Enventure Research was appointed by Liverpool University (working as part of the N8 Policing Research Partnership (N8 PRP) to undertake a survey exploring public perceptions of the relationships between universities and the police.
The N8 PRP was launched at the end of 2013 to enable and foster research collaborations to help address the problems of policing in the 21st century and achieve international excellence in policing research and impact. The Partnership is conducted through the N8 Research Partnership, an established collaboration between the eight most research-intensive universities in the North of England (Durham, Lancaster, Leeds, Liverpool, Manchester, Newcastle, Sheffield and York). The aim of the N8 PRP is to establish and formalise a regional network of research and innovation in policing. It provides a platform for collaborations between universities, Police and Crime Commissioners, the government, police forces and other partners working in policing policy, governance and practice.
The Partnership is currently in the process of developing a new programme for research and knowledge sharing which will play a key role in informing future policing policy. This will enable academics and the police to take a major step forward in developing and testing innovating approaches to policing and crime reduction. The five year project aims to strengthen the evidence base upon which policing policy, practice and learning and developed. It is anticipated that this initiative will make an important contribution to innovation and the utilisation of research in advancing the professionalisation of policing.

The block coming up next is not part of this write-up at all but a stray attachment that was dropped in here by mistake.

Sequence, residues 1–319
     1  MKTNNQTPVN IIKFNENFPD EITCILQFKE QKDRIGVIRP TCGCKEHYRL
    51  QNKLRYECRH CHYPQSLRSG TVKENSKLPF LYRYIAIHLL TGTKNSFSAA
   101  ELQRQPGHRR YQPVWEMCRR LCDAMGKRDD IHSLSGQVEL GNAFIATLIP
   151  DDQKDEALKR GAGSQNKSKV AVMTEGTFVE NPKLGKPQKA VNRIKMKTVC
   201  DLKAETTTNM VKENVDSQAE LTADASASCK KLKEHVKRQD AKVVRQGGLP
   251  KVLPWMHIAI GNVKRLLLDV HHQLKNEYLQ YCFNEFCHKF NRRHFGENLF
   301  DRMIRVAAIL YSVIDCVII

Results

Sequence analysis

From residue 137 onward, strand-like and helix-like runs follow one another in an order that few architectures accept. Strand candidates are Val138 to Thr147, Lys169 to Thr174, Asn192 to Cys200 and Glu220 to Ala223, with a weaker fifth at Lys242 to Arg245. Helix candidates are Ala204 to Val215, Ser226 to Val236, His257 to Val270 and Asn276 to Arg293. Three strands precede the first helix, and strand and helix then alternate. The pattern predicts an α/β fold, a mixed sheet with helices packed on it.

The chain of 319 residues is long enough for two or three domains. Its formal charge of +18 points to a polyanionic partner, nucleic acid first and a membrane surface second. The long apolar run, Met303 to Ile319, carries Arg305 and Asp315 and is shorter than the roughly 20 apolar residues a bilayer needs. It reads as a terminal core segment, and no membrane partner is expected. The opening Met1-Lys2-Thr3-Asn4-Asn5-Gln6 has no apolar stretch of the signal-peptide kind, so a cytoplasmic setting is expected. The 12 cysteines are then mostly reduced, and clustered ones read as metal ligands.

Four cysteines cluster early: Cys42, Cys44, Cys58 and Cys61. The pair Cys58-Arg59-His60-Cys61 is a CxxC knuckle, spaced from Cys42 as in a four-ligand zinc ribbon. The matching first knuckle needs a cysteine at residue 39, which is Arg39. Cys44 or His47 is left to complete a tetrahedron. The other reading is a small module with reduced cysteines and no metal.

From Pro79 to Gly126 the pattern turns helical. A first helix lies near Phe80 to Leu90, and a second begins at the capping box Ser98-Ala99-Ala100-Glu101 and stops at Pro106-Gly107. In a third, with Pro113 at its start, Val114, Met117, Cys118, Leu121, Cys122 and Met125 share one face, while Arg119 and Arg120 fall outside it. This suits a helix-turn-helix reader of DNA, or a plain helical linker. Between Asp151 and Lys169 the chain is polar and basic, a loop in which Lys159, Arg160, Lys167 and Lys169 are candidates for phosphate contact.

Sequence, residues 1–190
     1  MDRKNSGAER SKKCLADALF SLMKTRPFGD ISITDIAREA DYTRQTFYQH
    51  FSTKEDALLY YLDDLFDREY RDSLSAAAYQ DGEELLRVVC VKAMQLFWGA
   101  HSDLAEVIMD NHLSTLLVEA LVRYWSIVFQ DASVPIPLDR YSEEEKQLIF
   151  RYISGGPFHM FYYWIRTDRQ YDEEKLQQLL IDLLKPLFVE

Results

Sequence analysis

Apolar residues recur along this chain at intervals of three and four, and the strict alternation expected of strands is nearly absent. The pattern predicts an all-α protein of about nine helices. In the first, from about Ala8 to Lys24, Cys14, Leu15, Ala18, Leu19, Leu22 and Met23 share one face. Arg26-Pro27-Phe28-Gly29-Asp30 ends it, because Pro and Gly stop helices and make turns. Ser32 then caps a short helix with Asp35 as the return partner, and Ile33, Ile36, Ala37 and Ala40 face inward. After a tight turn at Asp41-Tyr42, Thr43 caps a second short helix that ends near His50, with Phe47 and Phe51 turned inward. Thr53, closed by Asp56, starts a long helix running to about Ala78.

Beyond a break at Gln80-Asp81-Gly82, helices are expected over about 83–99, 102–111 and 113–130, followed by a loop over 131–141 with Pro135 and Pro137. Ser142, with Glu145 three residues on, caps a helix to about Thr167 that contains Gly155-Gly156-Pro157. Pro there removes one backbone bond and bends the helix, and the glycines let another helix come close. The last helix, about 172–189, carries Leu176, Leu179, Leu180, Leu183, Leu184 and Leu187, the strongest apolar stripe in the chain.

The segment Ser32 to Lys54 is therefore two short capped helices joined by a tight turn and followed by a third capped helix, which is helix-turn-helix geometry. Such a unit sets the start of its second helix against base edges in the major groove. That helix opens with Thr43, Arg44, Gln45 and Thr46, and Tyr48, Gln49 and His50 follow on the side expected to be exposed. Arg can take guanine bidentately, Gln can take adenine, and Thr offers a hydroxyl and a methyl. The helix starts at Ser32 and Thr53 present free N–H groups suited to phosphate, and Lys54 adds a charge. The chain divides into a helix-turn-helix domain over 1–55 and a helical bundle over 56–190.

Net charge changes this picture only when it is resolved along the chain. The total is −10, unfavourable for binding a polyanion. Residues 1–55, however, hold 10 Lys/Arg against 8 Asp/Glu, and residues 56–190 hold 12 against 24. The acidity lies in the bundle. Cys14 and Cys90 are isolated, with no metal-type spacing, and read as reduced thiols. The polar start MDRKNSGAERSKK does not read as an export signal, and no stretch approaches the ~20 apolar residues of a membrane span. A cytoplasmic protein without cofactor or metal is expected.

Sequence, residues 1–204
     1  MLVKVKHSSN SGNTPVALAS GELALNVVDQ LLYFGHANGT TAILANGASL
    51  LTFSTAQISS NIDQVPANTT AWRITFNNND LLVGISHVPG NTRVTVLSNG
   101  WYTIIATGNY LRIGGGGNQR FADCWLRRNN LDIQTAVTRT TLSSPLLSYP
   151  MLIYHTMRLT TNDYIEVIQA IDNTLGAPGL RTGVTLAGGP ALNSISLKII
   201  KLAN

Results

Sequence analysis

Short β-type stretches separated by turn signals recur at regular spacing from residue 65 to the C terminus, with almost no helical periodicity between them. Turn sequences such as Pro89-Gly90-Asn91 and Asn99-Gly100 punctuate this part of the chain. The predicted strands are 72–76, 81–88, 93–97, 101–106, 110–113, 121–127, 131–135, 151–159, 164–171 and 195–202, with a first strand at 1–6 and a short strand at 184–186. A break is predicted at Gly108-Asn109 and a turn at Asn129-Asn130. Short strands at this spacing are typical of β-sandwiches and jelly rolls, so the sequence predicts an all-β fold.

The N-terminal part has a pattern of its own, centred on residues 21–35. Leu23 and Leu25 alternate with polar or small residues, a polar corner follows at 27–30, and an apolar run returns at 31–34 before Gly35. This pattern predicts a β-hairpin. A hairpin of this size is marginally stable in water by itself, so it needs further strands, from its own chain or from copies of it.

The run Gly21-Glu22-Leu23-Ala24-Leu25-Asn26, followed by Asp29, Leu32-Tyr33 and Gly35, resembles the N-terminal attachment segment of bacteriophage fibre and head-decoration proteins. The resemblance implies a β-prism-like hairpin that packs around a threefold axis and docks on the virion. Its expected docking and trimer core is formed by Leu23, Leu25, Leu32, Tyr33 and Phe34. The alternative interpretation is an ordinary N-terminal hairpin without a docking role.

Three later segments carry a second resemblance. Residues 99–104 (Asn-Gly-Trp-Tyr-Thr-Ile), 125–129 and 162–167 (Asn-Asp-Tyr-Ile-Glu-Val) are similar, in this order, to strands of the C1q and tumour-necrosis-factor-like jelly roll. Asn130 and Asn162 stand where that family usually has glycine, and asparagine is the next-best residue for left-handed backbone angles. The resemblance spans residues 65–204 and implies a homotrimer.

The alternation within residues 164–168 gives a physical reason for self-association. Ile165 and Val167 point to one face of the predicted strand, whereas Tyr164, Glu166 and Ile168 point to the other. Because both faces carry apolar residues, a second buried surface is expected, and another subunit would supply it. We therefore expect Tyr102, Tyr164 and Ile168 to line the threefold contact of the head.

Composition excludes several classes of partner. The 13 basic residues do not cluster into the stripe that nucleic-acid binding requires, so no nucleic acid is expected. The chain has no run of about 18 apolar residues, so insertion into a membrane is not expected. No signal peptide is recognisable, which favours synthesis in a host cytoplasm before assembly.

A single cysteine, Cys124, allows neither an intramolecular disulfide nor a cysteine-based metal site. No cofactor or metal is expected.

As part of this programme of research, a survey was developed in partnership between Enventure Research and Liverpool University to explore a number of key topics, including interest in police matters, what is most important to the public with regard to police matters, and the role of university researchers in studying and producing knowledge related to the police.
The survey was administered on street by experienced IQCS (Interviewer Quality Control Scheme) accredited interviewers in 22 different sampling points representing 11 regions across the North of England. At least 200 interviews were completed in each region, with quotas set on gender, age, ethnicity and lifestage to ensure that those interviewed were broadly representative of each area. The questionnaire took approximately five minutes to administer and was piloted both internally and with a small number of respondents to ensure it was fit for purpose before fieldwork commenced.
In total, 2,218 interviews were conducted with members of the public. Once the fieldwork was completed, Enventure Research undertook detailed analysis of the survey results, including an exploration of the differences by demographic subgroups such as age, gender and sampling area. The findings were presented to Liverpool University in a comprehensive research report and will be used to support the activities and future direction of the N8 PRP initiative.